The Preservation, Distribution, and Detectability of Lipid Biomarkers in the Atacama Desert and Implications for Mars

Fri 1 Nov 2019

Space Telescope Science Institute (STScI)
3700 San Martin Drive
Baltimore, MD 21218


Desert environments on Earth are colonized by organisms adapted to desiccation. However, the limits of adaptation are not well understood.  We surveyed biomolecular proxies for soil microorganism activity across a steep rainfall gradient from the driest region within the Atacama Desert in Chile that receives just a few millimeters of precipitation per decade to a few millimeters a year. Lipid biomarker proxies for membrane response to environmental stress, degree of amino acid racemization, and integrity of stress proteins suggest that organisms in the driest soils in the Atacama are not or very minimally metabolically active. This suggests that the dry threshold for soil habitability may have been crossed on the surface of Mars, which is 100-1000 times drier. While dryness imparts a great challenge to the "habitability" of Atacama soils, it also leads to a greater quality of preservation of biomarkers. Our understanding of long-term organic matter preservation comes mostly from studies in aquatic systems. In contrast, taphonomic processes in extremely dry environments are relatively understudied. We investigated the accumulation and preservation of lipid biomarkers in hyperarid soils in the Yungay region of the Atacama Desert via GC-MS and LC-MS. Buried clay units in this region contain fossil organic matter (radiocarbon dead) that has been protected from rainwater since the onset of hyperaridity. We show that these clay units contain lipids in an excellent state of structural preservation with functional groups and unsaturated bonds in carbon chains. This indicates that minimal degradation of lipids has occurred in these soils since the time of their deposition between >40,000 and 2 million years ago. The exceptional structural preservation of biomarkers is likely due to the long-term hyperaridity that has minimized microbial and enzymatic activity, a taphonomic process we term xeropreservation (i.e. preservation by drying). Finally, greater characterization of the organic material contained in martian sediments will be one of the the primary astrobiological goals in the next few decades. Life detection on other planets rests on the ability to interpret positive or negative results as well as contextualization with naturally-occurring terrestrial samples. We took advantage of the above-mentioned Atacama soil samples which contain both viable and fossil biomass, and are biomarker-poor and perchlorate-rich to assess the organic detection capability of current and future Mars mission flight-instrumentation including Raman laser spectroscopy and evolved gas analysis (EGA) techniques similar to what is being employed currently on the Curiosity Rover.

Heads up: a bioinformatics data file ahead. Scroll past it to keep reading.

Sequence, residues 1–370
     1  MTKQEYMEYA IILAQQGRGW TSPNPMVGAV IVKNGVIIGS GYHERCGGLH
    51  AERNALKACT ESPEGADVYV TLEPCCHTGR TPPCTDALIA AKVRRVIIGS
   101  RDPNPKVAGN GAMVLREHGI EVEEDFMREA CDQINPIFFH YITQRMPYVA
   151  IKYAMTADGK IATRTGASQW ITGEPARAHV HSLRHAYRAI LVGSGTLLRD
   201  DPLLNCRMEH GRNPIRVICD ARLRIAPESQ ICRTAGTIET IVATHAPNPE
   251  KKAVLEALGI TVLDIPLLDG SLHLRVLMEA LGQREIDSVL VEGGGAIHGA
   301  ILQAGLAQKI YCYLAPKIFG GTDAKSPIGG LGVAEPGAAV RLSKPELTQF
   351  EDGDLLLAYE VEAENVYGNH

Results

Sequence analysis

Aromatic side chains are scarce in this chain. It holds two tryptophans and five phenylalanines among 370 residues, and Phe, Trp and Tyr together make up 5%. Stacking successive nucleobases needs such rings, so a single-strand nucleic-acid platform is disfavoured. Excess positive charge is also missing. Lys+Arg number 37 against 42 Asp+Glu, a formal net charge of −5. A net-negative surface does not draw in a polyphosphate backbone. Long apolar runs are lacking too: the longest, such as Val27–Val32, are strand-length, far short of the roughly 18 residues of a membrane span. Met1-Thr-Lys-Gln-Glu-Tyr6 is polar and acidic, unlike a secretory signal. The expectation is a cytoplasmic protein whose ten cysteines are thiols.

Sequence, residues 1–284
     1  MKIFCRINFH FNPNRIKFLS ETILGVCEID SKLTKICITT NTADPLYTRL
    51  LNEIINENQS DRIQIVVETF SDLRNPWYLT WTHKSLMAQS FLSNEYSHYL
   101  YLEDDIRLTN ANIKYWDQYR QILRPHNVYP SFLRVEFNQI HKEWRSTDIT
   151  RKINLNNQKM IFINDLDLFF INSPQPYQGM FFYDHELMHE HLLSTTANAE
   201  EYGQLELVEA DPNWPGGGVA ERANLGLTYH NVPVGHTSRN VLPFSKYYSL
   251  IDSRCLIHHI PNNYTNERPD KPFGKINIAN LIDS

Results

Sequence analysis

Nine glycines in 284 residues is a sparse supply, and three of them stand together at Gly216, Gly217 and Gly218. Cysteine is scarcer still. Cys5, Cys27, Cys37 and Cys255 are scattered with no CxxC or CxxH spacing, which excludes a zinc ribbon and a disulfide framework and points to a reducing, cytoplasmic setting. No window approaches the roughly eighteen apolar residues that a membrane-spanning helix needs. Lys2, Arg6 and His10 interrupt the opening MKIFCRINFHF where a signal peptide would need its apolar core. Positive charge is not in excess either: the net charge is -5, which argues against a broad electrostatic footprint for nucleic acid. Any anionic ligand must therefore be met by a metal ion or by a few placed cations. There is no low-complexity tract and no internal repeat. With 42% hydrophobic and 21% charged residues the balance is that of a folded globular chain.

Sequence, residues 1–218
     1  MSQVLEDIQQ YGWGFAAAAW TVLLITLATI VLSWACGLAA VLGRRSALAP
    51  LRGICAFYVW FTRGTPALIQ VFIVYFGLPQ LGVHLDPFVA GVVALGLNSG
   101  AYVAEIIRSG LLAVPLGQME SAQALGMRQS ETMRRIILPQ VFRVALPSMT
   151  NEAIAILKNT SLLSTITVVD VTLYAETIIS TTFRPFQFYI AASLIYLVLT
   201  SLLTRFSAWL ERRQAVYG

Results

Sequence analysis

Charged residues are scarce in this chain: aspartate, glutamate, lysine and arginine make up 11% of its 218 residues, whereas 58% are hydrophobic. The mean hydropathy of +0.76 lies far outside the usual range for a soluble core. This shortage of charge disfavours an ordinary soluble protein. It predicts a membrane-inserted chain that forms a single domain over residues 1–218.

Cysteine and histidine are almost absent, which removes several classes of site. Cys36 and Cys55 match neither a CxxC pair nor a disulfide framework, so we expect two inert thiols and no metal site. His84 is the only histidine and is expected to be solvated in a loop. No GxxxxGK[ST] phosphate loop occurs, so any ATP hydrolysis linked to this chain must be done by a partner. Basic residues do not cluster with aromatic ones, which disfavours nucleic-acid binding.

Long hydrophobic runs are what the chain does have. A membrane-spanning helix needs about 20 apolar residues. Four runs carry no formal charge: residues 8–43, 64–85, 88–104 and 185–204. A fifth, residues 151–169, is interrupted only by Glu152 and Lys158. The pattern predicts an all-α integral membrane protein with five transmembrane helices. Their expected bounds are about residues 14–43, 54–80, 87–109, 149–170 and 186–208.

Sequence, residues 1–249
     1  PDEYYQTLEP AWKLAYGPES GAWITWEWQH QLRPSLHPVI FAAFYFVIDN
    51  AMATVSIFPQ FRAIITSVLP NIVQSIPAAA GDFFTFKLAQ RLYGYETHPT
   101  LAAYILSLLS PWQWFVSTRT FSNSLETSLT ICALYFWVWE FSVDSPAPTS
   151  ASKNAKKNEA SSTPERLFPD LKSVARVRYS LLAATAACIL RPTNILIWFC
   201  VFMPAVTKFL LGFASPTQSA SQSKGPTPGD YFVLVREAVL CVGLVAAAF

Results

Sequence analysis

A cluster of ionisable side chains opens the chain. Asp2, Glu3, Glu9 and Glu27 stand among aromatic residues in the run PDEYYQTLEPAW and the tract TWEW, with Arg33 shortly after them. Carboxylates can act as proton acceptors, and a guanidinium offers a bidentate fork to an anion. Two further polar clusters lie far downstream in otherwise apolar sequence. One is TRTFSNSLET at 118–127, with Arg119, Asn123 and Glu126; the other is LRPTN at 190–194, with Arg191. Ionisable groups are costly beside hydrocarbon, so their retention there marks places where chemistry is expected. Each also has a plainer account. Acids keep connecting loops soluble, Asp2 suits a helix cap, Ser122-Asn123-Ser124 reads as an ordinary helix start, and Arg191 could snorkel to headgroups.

Speaker: Mary Beth Wilhelm (NASA Ames Research Center)


Light lunch (provided) starts at 12pm; talk starts at 12:30pm.

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